‘The King was pregnant.’
So wrote Ursula K Le Guin in her 1969 classic The Left Hand of Darkness – one of the greatest of science fiction novels. The populace of Gethen were androgynous. During their sexual life cycle, they entered a phase were they could become either male or female. Thus the King can be pregnant. When I visited her some years ago at her home in Portland, Oregon, she explained to me that her ‘first intention for that book was simply to write about people who didn’t have war. The whole gender thing came in through the side door. “Hey, these people are much more interesting than I realised!”’
The Left Hand of Darkness quickly garnered a number of awards and became a classic of feminist science fiction – a meditation on gender, war and state formation. In the novel, many of Le Guin’s interests came into focus. She was a leftist, a feminist, a Taoist. If the intersection of these three positions helps explain many of her narratives, her science fiction also showed the influence of her anthropologist parents. Her fiction was interested in culture and the way it forms and limits our perspectives.
By introducing such themes, Le Guin was part of a wave of science fiction writers who transformed the field from the stereotypical images of it as obsessed with technology, as the province of egg-head scientists or men of action (represented most clearly in US science fiction by the work of Isaac Asimov and Robert Heinlein). These new writers were interested in race, class, gender, sexuality, psychology, mass media, altered states of consciousness, eastern mysticism and other alternative philosophies. Le Guin’s contemporaries included the feminist writers Joanna Russ and James Tiptree Jr (Alice Sheldon), Vonda Macintyre and Suzy McKee Charnas, African-American gay writer Samuel R Delany, New Leftists such as Norman Spinrad or Harlan Ellison, anarchist Michael Moorcock, and that producer of bizarre fabulations, JG Ballard. Many of them introduced the techniques of modernism, breaking apart typical narrative structures and introducing ambitious experiments in form and style.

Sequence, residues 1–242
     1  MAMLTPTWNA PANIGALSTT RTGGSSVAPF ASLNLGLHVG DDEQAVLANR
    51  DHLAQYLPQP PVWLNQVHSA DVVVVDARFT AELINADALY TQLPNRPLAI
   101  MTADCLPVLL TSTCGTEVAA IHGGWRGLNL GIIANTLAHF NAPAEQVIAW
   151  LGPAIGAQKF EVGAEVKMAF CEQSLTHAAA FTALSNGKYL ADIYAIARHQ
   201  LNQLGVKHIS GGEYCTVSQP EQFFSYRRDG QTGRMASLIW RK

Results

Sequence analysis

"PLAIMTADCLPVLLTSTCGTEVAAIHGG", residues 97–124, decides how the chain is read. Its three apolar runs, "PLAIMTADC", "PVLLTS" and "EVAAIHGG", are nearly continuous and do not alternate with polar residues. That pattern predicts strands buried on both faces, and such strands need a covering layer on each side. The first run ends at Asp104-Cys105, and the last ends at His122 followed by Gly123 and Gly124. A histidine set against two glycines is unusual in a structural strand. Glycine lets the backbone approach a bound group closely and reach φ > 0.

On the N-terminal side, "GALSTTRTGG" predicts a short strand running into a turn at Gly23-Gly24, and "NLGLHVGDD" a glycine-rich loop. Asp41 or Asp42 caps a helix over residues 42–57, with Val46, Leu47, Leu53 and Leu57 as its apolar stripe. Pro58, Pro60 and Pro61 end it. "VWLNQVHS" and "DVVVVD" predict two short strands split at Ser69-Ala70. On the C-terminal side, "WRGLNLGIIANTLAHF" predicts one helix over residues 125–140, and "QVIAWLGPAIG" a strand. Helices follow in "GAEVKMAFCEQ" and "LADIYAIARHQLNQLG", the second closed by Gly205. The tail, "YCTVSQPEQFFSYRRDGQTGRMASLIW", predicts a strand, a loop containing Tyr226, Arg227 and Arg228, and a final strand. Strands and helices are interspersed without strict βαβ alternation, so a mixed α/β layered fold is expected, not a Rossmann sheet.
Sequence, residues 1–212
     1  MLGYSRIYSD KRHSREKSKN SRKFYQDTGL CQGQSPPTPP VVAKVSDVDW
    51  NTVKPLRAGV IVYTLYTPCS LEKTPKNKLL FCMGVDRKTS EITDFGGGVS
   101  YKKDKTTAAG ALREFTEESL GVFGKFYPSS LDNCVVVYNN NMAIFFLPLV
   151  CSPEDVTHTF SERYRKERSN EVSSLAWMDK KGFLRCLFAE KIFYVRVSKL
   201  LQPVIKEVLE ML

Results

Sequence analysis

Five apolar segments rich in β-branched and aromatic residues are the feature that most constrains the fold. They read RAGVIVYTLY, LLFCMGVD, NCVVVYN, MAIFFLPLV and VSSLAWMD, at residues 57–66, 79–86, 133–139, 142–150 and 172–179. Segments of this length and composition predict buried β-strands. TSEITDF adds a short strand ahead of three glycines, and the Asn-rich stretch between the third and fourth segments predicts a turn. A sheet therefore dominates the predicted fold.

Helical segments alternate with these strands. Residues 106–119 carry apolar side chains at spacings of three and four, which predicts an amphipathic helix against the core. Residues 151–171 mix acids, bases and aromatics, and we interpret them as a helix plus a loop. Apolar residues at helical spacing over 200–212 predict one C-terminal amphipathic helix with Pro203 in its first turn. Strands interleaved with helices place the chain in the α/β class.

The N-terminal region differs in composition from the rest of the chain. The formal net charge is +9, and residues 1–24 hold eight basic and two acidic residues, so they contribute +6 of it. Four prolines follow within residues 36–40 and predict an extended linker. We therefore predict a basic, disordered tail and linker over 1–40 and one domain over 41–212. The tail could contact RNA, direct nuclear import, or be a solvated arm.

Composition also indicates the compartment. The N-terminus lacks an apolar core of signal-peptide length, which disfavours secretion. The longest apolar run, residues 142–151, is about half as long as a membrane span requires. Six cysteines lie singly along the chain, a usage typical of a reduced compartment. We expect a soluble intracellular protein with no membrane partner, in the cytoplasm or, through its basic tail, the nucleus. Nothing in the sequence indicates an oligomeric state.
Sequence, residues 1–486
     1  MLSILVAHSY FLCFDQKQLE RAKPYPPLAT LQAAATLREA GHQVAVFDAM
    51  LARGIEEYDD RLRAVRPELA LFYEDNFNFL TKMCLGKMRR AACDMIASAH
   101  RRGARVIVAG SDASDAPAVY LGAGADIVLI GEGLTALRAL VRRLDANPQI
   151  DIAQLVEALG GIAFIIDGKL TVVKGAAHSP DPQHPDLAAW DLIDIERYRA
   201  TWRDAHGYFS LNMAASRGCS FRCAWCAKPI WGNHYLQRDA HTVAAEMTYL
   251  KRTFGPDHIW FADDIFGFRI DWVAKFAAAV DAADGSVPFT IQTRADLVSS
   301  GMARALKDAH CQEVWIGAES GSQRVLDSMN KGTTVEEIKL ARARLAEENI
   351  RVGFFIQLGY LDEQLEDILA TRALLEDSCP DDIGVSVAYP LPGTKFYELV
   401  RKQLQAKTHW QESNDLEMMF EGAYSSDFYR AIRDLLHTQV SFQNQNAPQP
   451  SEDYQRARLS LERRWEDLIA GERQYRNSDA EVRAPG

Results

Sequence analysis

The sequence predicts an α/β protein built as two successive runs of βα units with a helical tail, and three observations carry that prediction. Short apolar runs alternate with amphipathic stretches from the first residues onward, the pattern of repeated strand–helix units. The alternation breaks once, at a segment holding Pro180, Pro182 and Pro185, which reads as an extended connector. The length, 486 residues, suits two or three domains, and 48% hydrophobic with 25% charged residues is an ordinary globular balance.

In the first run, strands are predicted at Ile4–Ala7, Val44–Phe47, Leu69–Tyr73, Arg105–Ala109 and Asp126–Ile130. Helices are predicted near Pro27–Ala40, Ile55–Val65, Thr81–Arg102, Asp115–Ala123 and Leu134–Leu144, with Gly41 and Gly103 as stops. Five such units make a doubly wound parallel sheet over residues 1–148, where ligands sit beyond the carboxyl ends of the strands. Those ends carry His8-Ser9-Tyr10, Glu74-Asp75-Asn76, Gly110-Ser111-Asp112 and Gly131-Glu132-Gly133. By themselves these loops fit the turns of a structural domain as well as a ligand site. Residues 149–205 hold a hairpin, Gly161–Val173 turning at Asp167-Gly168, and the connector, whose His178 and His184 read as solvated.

Though Le Guin stood on the more formally conservative side of this movement, she was much influenced by the classics of realism and modernism, in particular Virginia Woolf. In an early essay she suggested that the ‘reduction of narrative to conflict is absurd’ and proposed that the ‘proper, fitting shape for a novel might be that of a sack, a bag.’ This is not the kind of thing you’d get away with in Hollywood nowadays, or in commercial writing for that matter (see for example Donald Maas’s Writing The Breakout Novel for the opposite opinion), but in Le Guin’s eyes, this allowed her to introduce the ‘poor, the uneducated, the faceless masses, and all the women’ into her fiction.
In their own ways, these 1960s writers reflected the radical movements of their time. When I visited her, Le Guin explained to me that during this period, we [Le Guin and her husband Charles] ‘were doing civil rights marches, then … the whole resistance to Vietnam was building up. And that I was involved in right from the start, for years. Out here, it wasn’t until late in the [civil rights] movement, when the [anti-Vietnam] war movement was beginning to mix with it, that the great marches took place. Those we were on.’ Le Guin, however, was ‘not an organiser. I carry signs around. There was a lot of marching. In the seventies, the whole feminist thing came up. Then the marches were for abortion rights … So it did seem like for years I was walking round downtown with some kind of sign.’
Given her later triumphs, it’s ironic that Le Guin’s career began inauspiciously. She started late, in her thirties, and didn’t need to earn her crust ‘slumming it in the pulps’ as scholar George Slusser once described it. Her first novel, Rocannon’s World, was an awkward mix of science fiction and fantasy, which she later described as a mixture of colours that didn’t quite go together. During the sixties it was still possible to produce several midlist novels and maintain a career. This gave Le Guin breathing space not afforded nowadays. One wonders what might have happened if the current algorithms of the publishing industry were in place at the time. Would Le Guin have survived her first tentative efforts? An intriguing question, but one suspects her talent would have seen her through.
In the mid-sixties, Le Guin entered a period of incredible fertility. For a decade between the mid 1960s and the mid 1970s she produced a group of novels of visionary intensity. She started with the first of her Earthsea novels. The Left Hand of Darkness established her as a science fiction writer of the first rank. Some years later she wrote The Dispossessed, in which she placed three societies side by side: a struggling anarchist utopia on a barren moon, a capitalist society resembling our own, and a bureaucratic state much like the Stalinist regimes of Eastern Europe. In that novel, Le Guin’s Taoism helps to resolve the narrative questions thrown up when an anarchist physicist moves from his home to the capitalist world.